Jun 13, 2007 (CIDRAP News) – GlaxoSmithKline (GSK) promised today to give 50 million doses of its H5N1 "prepandemic" influenza vaccine to the World Health Organization (WHO) for distribution to poor countries.
The vaccine will be delivered over 3 years and be enough to vaccinate 25 million people at two doses each, the United Kingdom–based drug company said in a news release.
The announcement marks the first tangible step toward the creation of a world stockpile of H5N1 vaccines, a goal endorsed by WHO member countries at the World Health Assembly in May.
Following GSK's announcement today, US-based Baxter International and the French vaccine maker Sanofi Pasteur both announced their intention to donate H5N1 vaccines to the WHO stockpile, but neither company specified how many doses it would contribute.
The idea of a global stockpile emerged after complaints by Indonesia and other developing countries about lack of access to commercial H5N1 vaccines. Indonesia, the country hit hardest by H5N1, withheld samples of the virus from the WHO from last December until May on grounds that drug companies use the samples to make vaccines priced out of Indonesia's reach.
The WHO welcomed GSK's announcement today. "This is another significant step towards creating a global resource to help the world and especially to help develping countries in case of a major outbreak of H5N1 avian influenza," WHO Director-General Margaret Chan said in a news release.
The WHO said it needs to do "detailed operational planning for the stockpile, including how and under which conditions it will be deployed, as well as regulatory aspects of the vaccine."
After an international meeting of vaccine producers and government officials in late April, the WHO said it appeared that a global H5N1 vaccine stockpile might be feasible. Later, at the WHO's annual meeting in May, members passed a resolution calling for the creation of a stockpile of vaccines for H5N1 and other viruses of pandemic potential. The resolution also called on the agency to set up mechanisms for the "fair and equitable distribution" of pandemic flu vaccines at "affordable prices."
Dr. John Oxford, a virologist at London's Queen Mary School of Medicine, called GSK's announcement "excellent news," according to the Associated Press. "It's just what we need to reassure countries like Indonesia that they will get something in return from the viruses they provide, which will form the basis of these vaccines," he said.
GSK's vaccine includes a proprietary adjuvant (immune-stimulating chemical) and in clinical trials has induced a strong immune response at low doses, according to previous company announcements. Last July the company said 80% of volunteers showed a good immune response after receiving two 3.8-microgram doses. A typical dose of seasonal flu vaccine contains 15 micrograms of antigen for each of three flu strains.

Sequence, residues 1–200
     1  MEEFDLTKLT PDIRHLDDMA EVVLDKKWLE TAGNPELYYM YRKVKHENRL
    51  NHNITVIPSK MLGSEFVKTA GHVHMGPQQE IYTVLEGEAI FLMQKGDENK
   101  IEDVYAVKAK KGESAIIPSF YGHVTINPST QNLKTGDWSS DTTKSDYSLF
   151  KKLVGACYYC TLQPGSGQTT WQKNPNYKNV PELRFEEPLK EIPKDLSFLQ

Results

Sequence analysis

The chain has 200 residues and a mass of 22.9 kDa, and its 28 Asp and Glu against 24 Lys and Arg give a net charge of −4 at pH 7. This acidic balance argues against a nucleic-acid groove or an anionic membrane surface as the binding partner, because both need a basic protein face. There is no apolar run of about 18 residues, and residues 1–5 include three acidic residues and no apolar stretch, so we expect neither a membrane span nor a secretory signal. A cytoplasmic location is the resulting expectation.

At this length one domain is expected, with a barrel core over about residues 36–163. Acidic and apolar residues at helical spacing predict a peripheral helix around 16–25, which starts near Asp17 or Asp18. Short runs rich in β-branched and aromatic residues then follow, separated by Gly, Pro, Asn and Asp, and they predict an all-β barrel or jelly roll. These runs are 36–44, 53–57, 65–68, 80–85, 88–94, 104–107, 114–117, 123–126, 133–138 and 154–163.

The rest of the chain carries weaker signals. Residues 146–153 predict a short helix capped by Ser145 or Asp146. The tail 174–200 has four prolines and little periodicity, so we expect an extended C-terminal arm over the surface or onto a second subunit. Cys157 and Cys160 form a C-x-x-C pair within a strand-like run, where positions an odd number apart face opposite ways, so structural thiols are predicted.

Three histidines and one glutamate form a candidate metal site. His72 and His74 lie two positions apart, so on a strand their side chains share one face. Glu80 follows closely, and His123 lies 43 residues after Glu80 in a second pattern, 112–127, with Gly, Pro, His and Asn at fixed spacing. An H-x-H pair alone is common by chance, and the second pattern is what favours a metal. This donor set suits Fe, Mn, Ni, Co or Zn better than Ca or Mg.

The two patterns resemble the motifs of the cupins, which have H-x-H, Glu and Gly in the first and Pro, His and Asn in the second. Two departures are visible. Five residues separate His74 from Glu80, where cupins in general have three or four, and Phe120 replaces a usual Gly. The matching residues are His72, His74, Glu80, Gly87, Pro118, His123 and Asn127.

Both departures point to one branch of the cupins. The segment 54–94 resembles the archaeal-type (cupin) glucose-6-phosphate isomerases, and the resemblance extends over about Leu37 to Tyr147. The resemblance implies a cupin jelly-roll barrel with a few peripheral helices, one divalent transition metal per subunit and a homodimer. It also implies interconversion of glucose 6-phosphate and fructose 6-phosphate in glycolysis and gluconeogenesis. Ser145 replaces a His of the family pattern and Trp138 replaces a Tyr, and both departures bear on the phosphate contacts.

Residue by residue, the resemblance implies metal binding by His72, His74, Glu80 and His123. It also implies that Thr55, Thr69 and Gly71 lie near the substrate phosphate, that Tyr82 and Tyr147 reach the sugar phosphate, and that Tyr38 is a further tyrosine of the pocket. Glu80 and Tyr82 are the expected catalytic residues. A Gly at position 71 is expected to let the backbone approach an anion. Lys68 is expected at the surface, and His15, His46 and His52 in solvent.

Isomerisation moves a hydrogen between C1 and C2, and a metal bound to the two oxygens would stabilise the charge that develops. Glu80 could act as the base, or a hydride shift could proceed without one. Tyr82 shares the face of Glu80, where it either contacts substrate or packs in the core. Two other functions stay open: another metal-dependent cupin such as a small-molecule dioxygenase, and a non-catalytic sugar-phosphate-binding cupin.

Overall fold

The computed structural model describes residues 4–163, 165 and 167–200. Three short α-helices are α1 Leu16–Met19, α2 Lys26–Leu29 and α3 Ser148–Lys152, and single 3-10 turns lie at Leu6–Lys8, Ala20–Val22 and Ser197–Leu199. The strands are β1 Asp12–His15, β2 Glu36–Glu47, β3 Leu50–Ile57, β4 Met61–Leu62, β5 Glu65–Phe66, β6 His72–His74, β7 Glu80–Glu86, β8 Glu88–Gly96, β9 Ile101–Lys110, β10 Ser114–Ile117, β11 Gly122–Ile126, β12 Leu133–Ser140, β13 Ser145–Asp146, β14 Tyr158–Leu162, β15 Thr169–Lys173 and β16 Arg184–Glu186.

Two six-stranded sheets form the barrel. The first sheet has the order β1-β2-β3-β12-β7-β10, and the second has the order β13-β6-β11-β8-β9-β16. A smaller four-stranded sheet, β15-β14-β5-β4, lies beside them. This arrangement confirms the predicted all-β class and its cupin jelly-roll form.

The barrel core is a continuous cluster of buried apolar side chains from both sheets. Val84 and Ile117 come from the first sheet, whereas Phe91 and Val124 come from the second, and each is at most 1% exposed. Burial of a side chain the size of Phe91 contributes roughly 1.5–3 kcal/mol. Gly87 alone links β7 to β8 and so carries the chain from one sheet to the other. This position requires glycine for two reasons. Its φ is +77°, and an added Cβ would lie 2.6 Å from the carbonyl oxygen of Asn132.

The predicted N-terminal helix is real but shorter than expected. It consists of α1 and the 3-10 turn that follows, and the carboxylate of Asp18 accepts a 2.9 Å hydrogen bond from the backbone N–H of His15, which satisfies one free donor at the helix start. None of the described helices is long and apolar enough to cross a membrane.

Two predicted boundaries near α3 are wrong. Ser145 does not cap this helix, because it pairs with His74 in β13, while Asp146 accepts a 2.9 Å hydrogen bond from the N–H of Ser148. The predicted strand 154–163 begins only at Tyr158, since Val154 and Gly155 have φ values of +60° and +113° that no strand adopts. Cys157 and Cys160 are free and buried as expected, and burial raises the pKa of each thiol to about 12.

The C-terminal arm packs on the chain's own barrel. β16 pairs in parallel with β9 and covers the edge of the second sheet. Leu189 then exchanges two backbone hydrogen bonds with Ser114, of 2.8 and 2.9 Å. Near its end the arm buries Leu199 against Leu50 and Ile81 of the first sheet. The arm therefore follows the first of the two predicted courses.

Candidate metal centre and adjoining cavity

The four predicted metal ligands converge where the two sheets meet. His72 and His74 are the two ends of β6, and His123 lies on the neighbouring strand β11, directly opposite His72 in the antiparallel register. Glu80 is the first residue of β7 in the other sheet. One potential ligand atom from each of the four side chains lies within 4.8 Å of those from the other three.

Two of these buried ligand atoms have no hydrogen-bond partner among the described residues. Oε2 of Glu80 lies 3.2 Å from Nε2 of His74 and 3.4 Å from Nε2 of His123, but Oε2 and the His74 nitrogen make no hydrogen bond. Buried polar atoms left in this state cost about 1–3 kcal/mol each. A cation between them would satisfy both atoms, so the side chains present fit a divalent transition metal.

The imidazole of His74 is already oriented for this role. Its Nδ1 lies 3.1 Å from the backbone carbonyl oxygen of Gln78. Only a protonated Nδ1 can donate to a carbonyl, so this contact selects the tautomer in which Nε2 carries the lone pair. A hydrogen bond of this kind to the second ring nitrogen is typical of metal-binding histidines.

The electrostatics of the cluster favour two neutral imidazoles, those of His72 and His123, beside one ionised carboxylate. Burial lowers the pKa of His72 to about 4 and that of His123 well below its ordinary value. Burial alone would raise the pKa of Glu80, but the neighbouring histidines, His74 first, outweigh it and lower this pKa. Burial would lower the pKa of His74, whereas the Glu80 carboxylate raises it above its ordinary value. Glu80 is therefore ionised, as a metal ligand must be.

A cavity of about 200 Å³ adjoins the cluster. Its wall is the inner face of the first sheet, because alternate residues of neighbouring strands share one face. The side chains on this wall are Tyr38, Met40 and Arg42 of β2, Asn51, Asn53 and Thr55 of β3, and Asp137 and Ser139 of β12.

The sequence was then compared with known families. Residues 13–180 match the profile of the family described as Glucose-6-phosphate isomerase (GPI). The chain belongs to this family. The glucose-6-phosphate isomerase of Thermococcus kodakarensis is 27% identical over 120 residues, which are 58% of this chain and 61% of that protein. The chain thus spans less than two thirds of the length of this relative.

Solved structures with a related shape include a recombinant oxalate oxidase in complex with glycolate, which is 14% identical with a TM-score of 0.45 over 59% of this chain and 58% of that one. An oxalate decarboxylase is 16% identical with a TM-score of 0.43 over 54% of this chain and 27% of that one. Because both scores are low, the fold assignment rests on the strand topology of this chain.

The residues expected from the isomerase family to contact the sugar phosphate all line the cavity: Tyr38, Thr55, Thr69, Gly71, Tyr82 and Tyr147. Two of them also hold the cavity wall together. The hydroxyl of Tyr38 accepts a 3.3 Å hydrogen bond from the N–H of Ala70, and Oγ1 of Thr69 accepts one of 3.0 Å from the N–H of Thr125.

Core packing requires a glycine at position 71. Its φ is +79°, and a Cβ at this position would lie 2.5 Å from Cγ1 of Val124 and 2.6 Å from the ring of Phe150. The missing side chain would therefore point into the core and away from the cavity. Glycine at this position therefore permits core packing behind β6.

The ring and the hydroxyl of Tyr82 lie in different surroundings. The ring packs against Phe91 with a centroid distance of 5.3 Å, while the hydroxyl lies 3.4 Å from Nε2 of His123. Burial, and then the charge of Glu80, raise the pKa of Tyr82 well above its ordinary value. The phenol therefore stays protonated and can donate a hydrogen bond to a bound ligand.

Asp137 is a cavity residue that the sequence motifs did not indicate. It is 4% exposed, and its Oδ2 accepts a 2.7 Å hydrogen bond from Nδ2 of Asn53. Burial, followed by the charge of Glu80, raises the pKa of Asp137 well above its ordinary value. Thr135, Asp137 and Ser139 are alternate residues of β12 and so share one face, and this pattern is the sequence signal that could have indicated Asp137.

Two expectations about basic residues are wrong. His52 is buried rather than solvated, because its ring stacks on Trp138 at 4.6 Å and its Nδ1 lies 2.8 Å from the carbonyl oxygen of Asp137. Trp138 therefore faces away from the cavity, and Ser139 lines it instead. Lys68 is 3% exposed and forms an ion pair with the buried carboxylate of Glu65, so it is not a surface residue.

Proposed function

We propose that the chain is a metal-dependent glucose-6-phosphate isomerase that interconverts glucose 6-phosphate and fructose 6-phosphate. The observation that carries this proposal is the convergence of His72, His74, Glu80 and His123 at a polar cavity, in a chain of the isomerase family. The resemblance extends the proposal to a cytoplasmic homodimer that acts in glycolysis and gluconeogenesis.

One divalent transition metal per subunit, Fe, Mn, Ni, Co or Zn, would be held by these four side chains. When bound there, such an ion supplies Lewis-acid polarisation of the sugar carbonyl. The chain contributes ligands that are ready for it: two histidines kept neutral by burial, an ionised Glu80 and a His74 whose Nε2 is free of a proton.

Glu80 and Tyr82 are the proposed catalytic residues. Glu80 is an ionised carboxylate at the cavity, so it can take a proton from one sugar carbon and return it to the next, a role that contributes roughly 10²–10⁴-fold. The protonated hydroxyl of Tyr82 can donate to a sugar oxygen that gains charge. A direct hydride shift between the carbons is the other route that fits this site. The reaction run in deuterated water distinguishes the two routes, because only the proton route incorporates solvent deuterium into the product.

In March GSK said its vaccine might protect people against more than one strain of H5N1. The vaccine is based on a 2004 strain from Vietnam, but in a clinical trial it elicited an immune response (neutralizing antibodies) to an H5N1 strain from Indonesia. However, the company has not yet published a detailed report of its clinical trial results.
The WHO noted that three other vaccine producers—Baxter, Sanofi Pasteur, and Omnivest of Hungary—also have expressed a willingness to provide some doses of H5N1 vaccine to the global stockpile.
Baxter's announcement today said the company intends to provide a "multiyear donation" of its candidate pandemic flu vaccine to the WHO. Sanofi Pasteur, meanwhile, said it was ready to give a "significant number of doses" of H5N1 vaccine, some of which could be supplied immediately in bulk form.
GSK promised that, in addition to its donation, it would provide some of its H5N1 vaccine to the WHO at "preferential" prices for use by countries eligible for assistance from GAVI (the Global Alliance for Vaccines and Immunization), a public-private program that provides vaccines for children in poor countries.
The company noted that a precisely matched vaccine won't become available until 4 to 6 months after a pandemic strain emerges. Experts hope that if the next pandemic strain is an H5N1 variant, existing H5N1 vaccines will provide some protection, though supplies are likely to be very short.
Jun 13 WHO statement
May 23 CIDRAP News story "WHO adopts resolution on flu virus sharing"
Apr 26 CIDRAP News story "WHO: Global H5N1 vaccine stockpile may be feasible"
Mar 6 CIDRAP News story "Glaxo H5N1 vaccine may work against multiple strains"